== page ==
What have I been doing instead of blogging ~ as you know I hiked the Queen Charlotte track.
We walked, and walked and walked through rain and sunshine days.
The beauty of the Marlborough Sounds.
History :: The first known European to visit the Marlborough Sounds was the famous English explorer, Captain James Cook, on the HMS Endeavour.”Queen Charlotte” was the name he gave the Sound. The Maori name is “Totaranui”, reflecting the totara trees growing there.
Cook sailed into Ship Cove, today the start of the Queen Charlotte Track, on January 17, 1770 and made this small cove his South Pacific base for the next seven years. It was here the first social interaction between South Island Maori and the European took place. (painting by John Webber 1777, Royal Maritime Museum) When the first European pioneers arrived they travelled by boat and formed trails along the foreshore. Other parts of the track, created by private landowners and initially know as the Kenepuru Walkway, passes over farmland and ridge tops, adding to the diversity of the walkway.
The Queen Charlotte Track, from Ship Cove to Anakiwa, was officially named and opened in 1991. Today the 71km track is a public/private partnership, made up of private land, Department of Conservation land and Marlborough District Council “paper roads”.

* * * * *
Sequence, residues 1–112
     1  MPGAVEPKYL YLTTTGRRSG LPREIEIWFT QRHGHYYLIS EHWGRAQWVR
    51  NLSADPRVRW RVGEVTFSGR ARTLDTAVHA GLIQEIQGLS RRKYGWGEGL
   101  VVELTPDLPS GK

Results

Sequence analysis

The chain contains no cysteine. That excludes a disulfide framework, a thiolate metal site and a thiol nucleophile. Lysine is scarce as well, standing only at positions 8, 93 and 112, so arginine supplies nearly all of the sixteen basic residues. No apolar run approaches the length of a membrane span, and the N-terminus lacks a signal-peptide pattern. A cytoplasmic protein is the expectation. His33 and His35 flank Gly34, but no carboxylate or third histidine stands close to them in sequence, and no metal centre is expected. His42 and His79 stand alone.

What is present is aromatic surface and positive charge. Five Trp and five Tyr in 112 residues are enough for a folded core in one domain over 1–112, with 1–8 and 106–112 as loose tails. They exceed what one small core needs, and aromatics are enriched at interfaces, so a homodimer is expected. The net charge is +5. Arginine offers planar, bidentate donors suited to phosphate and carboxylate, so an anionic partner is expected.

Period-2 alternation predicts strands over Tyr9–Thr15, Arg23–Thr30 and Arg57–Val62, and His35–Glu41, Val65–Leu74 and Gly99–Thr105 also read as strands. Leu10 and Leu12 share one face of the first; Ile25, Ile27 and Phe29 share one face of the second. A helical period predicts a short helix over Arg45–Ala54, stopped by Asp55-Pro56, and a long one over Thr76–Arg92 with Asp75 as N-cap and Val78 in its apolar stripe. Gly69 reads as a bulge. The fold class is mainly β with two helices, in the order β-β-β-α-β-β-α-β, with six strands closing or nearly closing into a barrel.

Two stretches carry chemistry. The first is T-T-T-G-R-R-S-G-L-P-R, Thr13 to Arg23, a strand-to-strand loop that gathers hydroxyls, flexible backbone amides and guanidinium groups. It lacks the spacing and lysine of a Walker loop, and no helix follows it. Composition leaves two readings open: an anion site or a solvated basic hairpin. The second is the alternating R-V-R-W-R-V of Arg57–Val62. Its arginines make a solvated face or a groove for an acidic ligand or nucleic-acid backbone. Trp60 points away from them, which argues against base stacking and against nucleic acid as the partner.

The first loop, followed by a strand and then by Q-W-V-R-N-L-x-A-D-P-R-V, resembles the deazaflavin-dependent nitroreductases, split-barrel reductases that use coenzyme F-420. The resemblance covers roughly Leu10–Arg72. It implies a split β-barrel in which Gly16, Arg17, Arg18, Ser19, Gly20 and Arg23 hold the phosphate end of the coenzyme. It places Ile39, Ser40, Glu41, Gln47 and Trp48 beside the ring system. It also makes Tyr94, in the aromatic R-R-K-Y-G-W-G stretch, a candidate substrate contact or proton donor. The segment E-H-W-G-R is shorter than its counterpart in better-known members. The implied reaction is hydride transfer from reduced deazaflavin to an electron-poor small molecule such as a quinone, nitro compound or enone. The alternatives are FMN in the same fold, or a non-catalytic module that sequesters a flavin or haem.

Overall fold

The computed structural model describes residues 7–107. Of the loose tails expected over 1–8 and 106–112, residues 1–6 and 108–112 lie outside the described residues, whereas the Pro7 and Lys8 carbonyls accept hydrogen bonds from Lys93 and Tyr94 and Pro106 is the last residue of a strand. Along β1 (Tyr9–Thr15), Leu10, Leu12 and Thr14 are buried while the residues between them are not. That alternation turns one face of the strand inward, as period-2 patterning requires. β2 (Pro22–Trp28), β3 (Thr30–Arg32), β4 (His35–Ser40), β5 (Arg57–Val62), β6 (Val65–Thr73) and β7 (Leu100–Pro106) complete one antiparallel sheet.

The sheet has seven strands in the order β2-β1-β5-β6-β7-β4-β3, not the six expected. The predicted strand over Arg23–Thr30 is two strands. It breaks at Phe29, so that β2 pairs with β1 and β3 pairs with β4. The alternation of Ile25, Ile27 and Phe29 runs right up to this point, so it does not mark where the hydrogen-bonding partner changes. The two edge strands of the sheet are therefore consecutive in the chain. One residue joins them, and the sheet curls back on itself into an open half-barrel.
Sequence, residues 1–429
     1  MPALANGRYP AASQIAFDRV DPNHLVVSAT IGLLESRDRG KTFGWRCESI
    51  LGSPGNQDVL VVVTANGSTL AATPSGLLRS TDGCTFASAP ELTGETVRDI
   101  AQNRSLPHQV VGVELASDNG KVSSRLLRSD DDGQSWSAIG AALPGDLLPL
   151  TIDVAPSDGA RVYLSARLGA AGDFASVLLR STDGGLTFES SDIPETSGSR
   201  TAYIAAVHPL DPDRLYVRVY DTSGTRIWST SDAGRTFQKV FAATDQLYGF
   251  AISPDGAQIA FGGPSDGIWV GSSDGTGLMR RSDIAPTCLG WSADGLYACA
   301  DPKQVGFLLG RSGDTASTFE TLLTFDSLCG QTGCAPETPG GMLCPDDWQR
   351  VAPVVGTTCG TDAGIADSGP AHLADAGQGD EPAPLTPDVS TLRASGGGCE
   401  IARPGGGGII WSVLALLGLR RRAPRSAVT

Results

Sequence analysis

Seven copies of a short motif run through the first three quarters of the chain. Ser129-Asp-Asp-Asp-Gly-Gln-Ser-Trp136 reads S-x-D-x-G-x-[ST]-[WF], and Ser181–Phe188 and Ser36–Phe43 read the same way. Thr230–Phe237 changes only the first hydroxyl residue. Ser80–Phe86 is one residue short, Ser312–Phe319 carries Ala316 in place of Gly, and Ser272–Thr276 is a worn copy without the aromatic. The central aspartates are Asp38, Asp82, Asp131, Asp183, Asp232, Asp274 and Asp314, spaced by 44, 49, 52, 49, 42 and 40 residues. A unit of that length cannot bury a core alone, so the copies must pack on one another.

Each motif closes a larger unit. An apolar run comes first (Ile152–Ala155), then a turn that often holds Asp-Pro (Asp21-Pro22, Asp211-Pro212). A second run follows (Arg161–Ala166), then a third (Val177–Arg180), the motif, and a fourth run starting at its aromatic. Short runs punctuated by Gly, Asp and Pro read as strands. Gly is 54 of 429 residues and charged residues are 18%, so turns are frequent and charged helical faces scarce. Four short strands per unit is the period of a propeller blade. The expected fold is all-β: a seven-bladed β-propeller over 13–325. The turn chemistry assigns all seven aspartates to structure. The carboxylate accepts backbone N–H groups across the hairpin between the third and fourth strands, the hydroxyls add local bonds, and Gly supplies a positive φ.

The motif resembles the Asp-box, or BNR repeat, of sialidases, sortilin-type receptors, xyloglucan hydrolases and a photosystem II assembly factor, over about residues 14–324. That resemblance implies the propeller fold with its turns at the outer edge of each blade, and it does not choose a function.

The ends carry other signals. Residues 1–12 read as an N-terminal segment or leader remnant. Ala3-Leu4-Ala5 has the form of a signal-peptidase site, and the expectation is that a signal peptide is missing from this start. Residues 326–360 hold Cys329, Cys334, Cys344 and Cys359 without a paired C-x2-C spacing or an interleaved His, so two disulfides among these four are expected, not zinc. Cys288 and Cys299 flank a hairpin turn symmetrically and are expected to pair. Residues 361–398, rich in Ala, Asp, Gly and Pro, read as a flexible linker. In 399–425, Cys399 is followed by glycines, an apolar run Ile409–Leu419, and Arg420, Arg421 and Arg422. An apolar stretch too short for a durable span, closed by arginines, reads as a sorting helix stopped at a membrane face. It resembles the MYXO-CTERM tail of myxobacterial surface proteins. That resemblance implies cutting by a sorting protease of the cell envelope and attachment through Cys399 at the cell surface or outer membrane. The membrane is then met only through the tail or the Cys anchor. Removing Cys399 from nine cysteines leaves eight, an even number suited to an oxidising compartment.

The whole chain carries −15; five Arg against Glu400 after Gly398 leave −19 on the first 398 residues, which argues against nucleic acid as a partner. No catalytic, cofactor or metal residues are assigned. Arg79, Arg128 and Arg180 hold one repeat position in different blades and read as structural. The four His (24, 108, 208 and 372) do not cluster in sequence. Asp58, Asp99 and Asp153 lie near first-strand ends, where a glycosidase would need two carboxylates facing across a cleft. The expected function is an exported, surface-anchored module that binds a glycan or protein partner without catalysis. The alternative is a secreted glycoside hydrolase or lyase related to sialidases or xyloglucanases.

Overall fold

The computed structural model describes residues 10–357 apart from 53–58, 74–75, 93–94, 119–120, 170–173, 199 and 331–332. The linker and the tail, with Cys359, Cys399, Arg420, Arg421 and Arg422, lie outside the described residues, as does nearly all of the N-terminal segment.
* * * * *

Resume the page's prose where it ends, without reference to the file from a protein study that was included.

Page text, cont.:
A highlight of the trip was catching the boat to Bay of Many Coves Resort for dinner. We enjoyed the exceptional hospitality of thei 5 star luxury resort from the moment we stepped onto the jetty at 4pm.
The signature hot chocolate warmed our souls while we read glossy magazines and chatted nonchalantly.
As the sunset the Taittinger champagne was popped and our gourmet experience began.
Executive Chef, Hannes Bareiter. Hannes has a natural flare for creative gastronomy that delighted our senses. All the dishes were superb, and feeling very sated we returned to the boat to head home. Next time we must stay the night!